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A Teacher’s Take on What Makes a Student Successful

Why are some students more successful than others? Believe it or not, teachers are looking for more than just perfect attendance and a spotless homework record. Teachers recognize that good students often share common attributes that are factors in their academic success.

Here are seven traits that our contributing teacher identified as essential for student success:

1. Grit

Grit—the ability to persevere in the face of a challenge—has been at the forefront of many teachers’ minds lately. It turns out that it’s not the kid with the highest IQ who does the best in school, but rather the student who keeps trying and does the hard work of tackling a difficult problem or complex skill. It’s part of having a growth mindset. You can encourage grit by praising your child for taking risks and for working hard rather than praising innate talents like intelligence or perfect pitch.

2. Organization

Organized students are ahead of the game when it comes to completing assignments, studying their notes, and turning in projects. They spend less time on gathering materials and getting their ideas together and more time on learning. Many teachers have a system for taking notes and keeping work organized; if yours doesn’t, make a point to help your child or teen develop stronger study skills and work habits—it’s the gift that keeps on giving in every area of life.

3. Passion

It doesn’t necessarily matter what your child is passionate about—just that they are strongly engaged in something. Kids who are excited about a topic or skill know what it’s like to pursue something with their full attention, and that’s a skill that’s important for learning. Talk to your child about what they love, and encourage their pursuit of a hobby even if it’s video games or a TV show. Letting them be the expert on a subject at the dinner table helps build confidence for future endeavors.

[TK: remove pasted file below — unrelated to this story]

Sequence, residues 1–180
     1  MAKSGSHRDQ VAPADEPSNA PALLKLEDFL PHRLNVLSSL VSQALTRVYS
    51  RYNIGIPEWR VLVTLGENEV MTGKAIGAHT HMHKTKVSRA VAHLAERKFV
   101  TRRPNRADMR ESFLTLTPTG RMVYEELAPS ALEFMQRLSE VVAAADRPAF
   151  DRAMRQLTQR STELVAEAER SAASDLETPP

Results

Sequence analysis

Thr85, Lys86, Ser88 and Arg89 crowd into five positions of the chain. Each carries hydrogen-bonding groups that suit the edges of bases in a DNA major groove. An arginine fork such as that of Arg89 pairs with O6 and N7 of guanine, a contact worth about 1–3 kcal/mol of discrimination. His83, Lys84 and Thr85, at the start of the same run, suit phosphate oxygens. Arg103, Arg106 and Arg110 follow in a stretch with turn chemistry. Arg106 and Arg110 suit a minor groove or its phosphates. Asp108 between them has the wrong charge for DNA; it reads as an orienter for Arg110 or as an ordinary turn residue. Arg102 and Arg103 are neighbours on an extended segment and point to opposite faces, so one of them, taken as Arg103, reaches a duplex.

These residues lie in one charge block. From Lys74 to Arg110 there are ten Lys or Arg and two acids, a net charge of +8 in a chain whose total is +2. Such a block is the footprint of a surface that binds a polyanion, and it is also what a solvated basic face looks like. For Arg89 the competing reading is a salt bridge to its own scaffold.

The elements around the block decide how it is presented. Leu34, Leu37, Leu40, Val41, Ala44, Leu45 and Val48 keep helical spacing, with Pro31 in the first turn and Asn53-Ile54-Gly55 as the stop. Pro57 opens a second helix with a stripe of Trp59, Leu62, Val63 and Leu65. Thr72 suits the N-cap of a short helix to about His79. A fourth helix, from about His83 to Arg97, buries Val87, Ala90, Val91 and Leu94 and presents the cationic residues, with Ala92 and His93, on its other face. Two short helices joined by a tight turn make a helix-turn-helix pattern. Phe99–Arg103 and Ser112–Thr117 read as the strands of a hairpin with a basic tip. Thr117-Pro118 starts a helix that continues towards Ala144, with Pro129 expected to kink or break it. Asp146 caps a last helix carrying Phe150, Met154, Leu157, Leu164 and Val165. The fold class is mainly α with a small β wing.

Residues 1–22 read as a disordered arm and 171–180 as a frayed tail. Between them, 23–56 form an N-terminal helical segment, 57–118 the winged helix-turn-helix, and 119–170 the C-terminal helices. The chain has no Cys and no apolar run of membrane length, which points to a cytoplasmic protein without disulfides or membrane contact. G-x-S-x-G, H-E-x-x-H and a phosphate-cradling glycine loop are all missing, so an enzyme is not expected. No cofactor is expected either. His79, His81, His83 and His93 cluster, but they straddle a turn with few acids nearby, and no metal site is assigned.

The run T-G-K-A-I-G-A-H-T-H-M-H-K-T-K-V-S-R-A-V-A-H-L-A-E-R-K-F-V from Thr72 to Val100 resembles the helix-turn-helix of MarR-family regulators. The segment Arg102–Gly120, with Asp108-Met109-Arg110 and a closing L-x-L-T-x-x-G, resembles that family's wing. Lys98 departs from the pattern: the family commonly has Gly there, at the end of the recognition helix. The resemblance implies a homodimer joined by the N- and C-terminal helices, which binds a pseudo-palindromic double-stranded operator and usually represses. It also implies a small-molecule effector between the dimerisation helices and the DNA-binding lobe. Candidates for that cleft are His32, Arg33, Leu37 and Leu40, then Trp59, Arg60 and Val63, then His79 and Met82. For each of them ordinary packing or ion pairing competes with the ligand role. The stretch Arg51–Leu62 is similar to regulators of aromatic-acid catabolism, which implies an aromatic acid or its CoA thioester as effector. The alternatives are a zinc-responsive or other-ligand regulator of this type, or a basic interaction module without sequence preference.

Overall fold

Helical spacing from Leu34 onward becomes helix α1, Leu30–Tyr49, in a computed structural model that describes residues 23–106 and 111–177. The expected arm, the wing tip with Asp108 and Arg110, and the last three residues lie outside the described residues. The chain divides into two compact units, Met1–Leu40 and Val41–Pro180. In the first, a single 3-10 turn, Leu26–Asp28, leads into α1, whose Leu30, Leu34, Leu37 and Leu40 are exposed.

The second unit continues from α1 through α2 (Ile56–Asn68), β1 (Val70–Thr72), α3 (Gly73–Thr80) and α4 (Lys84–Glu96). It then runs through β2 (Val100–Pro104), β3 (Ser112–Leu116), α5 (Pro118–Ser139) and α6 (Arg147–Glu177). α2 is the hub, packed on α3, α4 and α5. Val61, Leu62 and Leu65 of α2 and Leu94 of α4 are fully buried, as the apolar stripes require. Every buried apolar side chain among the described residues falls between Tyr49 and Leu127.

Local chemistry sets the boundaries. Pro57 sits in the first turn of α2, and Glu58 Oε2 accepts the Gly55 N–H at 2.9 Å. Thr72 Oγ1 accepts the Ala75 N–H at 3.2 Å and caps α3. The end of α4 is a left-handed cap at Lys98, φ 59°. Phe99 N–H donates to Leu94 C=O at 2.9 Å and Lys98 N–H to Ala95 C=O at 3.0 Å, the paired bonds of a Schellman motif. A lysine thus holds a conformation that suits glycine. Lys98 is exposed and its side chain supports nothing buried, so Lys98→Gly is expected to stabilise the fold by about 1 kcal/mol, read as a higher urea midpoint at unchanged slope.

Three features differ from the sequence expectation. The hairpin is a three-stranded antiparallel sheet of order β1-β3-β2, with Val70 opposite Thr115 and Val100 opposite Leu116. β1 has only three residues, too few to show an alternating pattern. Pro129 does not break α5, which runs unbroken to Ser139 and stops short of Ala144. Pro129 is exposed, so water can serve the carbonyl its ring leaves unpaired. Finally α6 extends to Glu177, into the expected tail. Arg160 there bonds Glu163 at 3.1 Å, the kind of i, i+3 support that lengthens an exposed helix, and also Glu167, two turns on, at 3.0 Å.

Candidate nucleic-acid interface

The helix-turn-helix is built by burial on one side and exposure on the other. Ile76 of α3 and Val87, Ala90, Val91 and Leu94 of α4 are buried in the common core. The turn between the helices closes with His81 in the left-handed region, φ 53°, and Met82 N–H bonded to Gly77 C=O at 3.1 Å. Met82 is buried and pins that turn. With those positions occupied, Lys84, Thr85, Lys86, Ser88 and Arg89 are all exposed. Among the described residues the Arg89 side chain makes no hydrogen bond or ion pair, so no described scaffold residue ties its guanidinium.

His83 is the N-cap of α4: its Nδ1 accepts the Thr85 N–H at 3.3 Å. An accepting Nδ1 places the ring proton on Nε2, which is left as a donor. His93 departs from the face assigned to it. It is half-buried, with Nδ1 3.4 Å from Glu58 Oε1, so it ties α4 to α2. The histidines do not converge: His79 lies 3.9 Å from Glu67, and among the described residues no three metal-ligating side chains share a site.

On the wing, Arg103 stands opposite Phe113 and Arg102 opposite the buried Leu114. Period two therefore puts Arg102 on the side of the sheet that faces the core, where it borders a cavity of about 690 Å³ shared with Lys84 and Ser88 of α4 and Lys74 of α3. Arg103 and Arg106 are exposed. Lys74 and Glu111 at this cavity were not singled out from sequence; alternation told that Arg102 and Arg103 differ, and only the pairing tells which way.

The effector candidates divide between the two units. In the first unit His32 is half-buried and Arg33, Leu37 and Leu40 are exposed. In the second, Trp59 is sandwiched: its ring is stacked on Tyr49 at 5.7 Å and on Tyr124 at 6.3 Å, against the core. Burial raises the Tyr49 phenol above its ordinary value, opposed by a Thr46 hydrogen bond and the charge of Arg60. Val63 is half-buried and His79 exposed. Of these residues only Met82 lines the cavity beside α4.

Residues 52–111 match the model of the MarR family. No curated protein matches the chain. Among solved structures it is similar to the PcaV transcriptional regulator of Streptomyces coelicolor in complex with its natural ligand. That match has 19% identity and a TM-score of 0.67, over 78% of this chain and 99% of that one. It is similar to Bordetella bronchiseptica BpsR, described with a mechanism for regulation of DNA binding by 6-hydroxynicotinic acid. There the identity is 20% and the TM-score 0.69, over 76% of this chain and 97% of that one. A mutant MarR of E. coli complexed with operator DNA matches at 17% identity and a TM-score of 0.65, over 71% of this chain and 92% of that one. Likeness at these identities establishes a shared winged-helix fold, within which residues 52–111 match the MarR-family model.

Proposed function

4. Originality

Thinking outside the box is prized by CEOs, but originality can be easily stifled in today’s culture of high-stakes testing and standardized curricula. Kids who are encouraged to be imaginative are often excellent problem-solvers, and they bring a new way of thinking to everyday lessons. Encourage original thinking by modeling brainstorming and providing unstructured downtime that your children can fill with their own ideas and activities.

5. Focus

It’s hard to learn when you’re distracted, so it’s no wonder that kids who can focus are poised to succeed in just about anything their teachers ask of them. Modern life makes maintaining focus harder than ever, and those dinging, pinging screens are a huge problem. Help your child build a bigger attention span by limiting screen time and encouraging them to practice mindfulness via meditation or other quiet activities. (This is also great advice for over-connected adults!)

6. Independence

The goal of both parents and teachers should be to foster independence so that kids grow up to be self-sufficient adults. Students who are comfortable working and studying on their own are on their way to this goal. Give your kids age-appropriate responsibilities and encourage them to figure things out on their own before swooping in to help, and you’ll give them the practice they need to become more independent learners.

7. Kindness

Some children are innately kind and caring, and this attitude helps them easily make friends in the classroom. It also goes a long way toward creating a positive learning environment for everyone. As they get older, teens who are kind to others are often quiet leaders who earn the respect of their peers—and their teachers. Fortunately, kindness and empathy can be taught, so be sure to model this behavior at home early and often.

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